“I remember a disaster that occurred in Kansas City in 1981 while I was living there. Several skybridges had been designed into the massive lobby of the newly-constructed, Hyatt Regency Hotel. But 114 people lost their lives, and many others were injured one Friday evening when those Skybridge collapsed. A later investigation turned up an incorrect mathematical calculation as the cause.”
“I also recall reading about the postmodern architecture incorporated into a building constructed on the campus of the Ohio State University in Columbus,” Terry responded. “They had staircases that went nowhere, and structural elements that seemed to defy gravity. But an architect friend looked at the building and said, ‘I suspect they didn’t use those design elements on the foundation! The building which surely has collapsed.’”
I couldn’t help thinking of other similar disasters, such as a 174-foot-long pedestrian bridge that collapsed while under construction on the campus of Florida International University. It was later reported that the National Transportation Safety Board concluded that the design firm underestimated the load of the bridge and overestimated its strength– all based on mathematical calculations.
And earlier this summer five individuals lost their lives when OceanGate’s Titan submersible imploded on an excursion to the site of the Titanic wreck. Absolute truth in mathematics matters!”
“I don’t have any grandchildren yet,” Terry continued. “But I’m sure glad you and your team have developed that Grandcoaching curriculum. Are you making it available to parents too?”
“Absolutely,” I replied. “We used the title “Grandcoaching” because we believe grandparents likely have more time than parents, and in many cases, a more conservative perspective, and can speak truth into the lives of their grandchildren using the skills and strategies of faith-based life coaching.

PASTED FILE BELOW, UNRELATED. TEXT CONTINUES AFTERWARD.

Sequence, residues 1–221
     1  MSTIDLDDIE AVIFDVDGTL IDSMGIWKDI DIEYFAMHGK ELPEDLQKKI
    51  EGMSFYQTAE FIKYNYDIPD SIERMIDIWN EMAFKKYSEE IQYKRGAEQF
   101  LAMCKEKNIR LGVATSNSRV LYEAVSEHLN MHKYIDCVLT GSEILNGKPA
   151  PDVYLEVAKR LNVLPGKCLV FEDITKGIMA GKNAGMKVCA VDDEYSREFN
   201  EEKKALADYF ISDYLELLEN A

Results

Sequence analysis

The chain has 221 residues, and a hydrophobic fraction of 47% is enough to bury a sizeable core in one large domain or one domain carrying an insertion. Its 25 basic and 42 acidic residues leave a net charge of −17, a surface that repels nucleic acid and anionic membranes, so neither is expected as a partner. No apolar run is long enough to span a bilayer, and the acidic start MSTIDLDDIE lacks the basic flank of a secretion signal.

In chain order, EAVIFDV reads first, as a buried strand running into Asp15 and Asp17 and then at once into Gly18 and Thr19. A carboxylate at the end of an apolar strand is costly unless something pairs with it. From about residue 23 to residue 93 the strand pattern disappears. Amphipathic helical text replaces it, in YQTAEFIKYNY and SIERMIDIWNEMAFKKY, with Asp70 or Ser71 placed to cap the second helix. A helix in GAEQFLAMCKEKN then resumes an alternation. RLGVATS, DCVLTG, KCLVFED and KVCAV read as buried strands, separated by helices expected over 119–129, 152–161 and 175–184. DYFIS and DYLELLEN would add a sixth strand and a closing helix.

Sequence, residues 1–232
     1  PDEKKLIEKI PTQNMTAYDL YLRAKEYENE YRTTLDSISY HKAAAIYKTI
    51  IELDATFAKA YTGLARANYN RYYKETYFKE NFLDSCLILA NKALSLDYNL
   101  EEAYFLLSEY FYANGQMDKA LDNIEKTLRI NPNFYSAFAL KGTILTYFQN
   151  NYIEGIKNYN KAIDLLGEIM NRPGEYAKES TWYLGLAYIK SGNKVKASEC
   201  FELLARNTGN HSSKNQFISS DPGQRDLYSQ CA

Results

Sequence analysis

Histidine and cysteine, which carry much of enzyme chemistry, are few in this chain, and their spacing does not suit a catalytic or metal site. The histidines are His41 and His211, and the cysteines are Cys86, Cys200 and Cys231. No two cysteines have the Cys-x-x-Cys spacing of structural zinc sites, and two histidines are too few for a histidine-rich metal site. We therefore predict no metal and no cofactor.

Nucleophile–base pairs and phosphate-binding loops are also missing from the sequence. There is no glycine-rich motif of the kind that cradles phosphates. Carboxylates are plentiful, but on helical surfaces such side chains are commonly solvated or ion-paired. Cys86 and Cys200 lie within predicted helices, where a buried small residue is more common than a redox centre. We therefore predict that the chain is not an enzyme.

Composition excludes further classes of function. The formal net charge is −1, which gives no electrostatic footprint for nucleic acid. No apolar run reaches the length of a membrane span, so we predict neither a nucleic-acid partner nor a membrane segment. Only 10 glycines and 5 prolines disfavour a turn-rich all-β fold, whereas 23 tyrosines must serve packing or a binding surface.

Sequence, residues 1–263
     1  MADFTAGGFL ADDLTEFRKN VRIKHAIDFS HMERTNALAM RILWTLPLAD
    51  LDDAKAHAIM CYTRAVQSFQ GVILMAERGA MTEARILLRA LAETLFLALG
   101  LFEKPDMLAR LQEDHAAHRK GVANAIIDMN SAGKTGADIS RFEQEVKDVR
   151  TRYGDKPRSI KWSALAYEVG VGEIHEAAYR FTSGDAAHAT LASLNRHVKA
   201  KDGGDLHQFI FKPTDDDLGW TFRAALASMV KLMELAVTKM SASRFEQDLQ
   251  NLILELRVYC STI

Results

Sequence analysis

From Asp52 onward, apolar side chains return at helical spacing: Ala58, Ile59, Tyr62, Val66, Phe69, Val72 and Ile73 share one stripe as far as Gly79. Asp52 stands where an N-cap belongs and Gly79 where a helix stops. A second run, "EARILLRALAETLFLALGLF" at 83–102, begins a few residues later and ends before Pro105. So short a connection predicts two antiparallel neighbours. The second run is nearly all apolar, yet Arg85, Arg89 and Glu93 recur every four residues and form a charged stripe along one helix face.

“Josh McDowell has provided a great deal of our video content. As you know, he is the best-selling author of books such as Evidence That Demands a Verdict and More Than a Carpenter.
In one of his videos, Josh shares a story about a high school girl who was asked to write a column on truth. He explained that her conclusion was, “Truth is not always the same. It changes from time to time, and from person-to-person, depending on circumstances. What is true today may not be absolutely true tomorrow, and what was true yesterday may not be true today.”
As he talked with this young lady, Josh raised the question, “Are you sure you are correct? Your statement that there is no absolute truth is a pretty absolute statement!”
“Of course, I’m right,” the young lady retorted. “People used to believe that the earth was flat. Now they understand that it’s round.”
Josh responded, “But when people believed the earth was flat, was it flat? Or was it actually round?”
“Everyone knows it was actually round!” she replied.
“So, what changed?” Josh continued. “Did the truth change? Or did your perception of the truth change?”
In the 16-week online Grandcoaching course we have developed, Josh McDowell offers the following definition of truth, which could be applied to math, science or any other discipline of study. “Truth is that which has fidelity to the original.”
He illustrates the absolute nature of truth this way: “I tell you my bottle of water has exactly one liter in it. You insisted that could not be right. Which of us is true?”
“To be absolutely certain, we would both need to fly to Paris France, then rent a car and drive out into the countryside to the International Bureau of Weights and Measures. There they have all the original metric weights and metric measures for liquids, solids, etc.
“When we reach there, we would take the original measure of a liter and pour my water from the bottle into it. If it fits exactly, then I would have been absolutely correct and true regarding the amount of water in my bottle.”
“Josh’s material is powerful!” Terry exclaimed. “I’ve read several of his books, and they certainly address the issue of absolute truth. I believe you and your team have developed some training that can really help parents or grandparents steer their grandchildren away from some of these dangerous trends that I see in so many areas. I’m going to share your website with my wife Katie and our study group at church. Most of them are grandparents; those that aren’t are parents who, I believe, are concerned about the kind of things their sons and daughters are being exposed to.”
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Originally published August 03, 2023